The Holy Past is Present as Catalytic Memory: With Judicial Power
“Each generation of Israel, living in a concrete situation within history, was challenged by God to obedient response through the medium of her tradition. Not a mere subjective reflection, but in the biblical category, a real event as a moment of redemptive time from the past initiated a genuine encounter in the present” (Childs, 83-84). The events of Israel’s redemption were such significant realizations in history of divine redemptive intervention, that together with the rituals, rites, and commandments they entail, they have the authority to assess each successive generation of Israel, including ours. Our response to these events, rites, rituals and obligations, is our response to God, for which we are accountable.
The Haggadah, echoing the Talmud, agrees. It reminds us, “In every generation a man is bound to regard himself as though he personally had gone forth from Egypt. (cf. TB Pesachim). Torah tells us of Passover, "'This will be a day for you to remember [v’haya hayom hazzeh lachem l’zikkaron].” The LXX translates zikkaron as “anamnesis.” It is also the term used in the Newer Covenant underlying the phrase, “Do this in remembrance of me.”
The holy past is no mere collection of data to be recalled, but a continuing reality to be honored or desecrated. As a zikkaron, a holy memorial, the redemption from Egypt is so authoritatively present with us at the seder, that a cavalier attitude toward the event marks as “The Wicked Son,” unworthy of redemption, anyone who fails to accord it due respect. In zikkaron or anamnesis, the holy past is present with power, assessing our response.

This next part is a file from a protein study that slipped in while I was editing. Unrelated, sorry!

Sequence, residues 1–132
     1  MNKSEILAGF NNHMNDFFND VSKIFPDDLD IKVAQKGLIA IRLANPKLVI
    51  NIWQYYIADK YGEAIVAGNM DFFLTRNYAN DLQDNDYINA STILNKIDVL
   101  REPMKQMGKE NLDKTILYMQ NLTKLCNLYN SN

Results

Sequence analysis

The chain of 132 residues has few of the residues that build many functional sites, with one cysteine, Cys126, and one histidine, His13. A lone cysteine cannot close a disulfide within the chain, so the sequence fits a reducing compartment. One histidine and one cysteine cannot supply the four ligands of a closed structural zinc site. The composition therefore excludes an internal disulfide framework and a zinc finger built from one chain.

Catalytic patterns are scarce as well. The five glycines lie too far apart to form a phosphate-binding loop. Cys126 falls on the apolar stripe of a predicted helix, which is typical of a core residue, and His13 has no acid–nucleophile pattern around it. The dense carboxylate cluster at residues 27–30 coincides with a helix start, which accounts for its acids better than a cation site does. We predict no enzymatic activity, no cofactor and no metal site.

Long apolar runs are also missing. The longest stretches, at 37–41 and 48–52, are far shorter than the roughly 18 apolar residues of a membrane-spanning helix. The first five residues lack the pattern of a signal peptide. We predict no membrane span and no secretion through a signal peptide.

This is a new perspective for some of us and surely for most of our Movement. It makes us wriggle with discomfort because it contravenes our axiomatic commitment to autonomy. We reflexively think ourselves to only be responsible when we choose to be so. The Bible, and our tradition disagrees; hence the discomfort.
That anamnesis has intrusive and unavoidable authority to judge our response is proven in Paul’s discussion of the Lord’s Table. In First Corinthians 11, he states that those who fail to discern the reality present among them in the zikkaron/anamnesis, who drink the Lord’s cup and eat the bread in an unworthy manner, desecrate the body and blood of the Lord and eat and drink judgment upon themselves. He makes this point unambiguous when be states “This is why many among you are weak and sick, and some have died.”
Because of this numinous power of zikkaron/anemesis, honoring the holy Jewish past and the holy Jewish future as re-presented in the liturgy, ritual, and calendar of our people must become a lived reality in our movement. Our only other option is to dishonor God and to trifle with his holy saving acts. I think it no exaggeration to say that failure to properly honor our holy past, present as zikkaron/anamnesis, is just as truly an act of desecration as was the failure of the Corinthians to honor body and blood of Messiah present in their midst in the bread and the wine.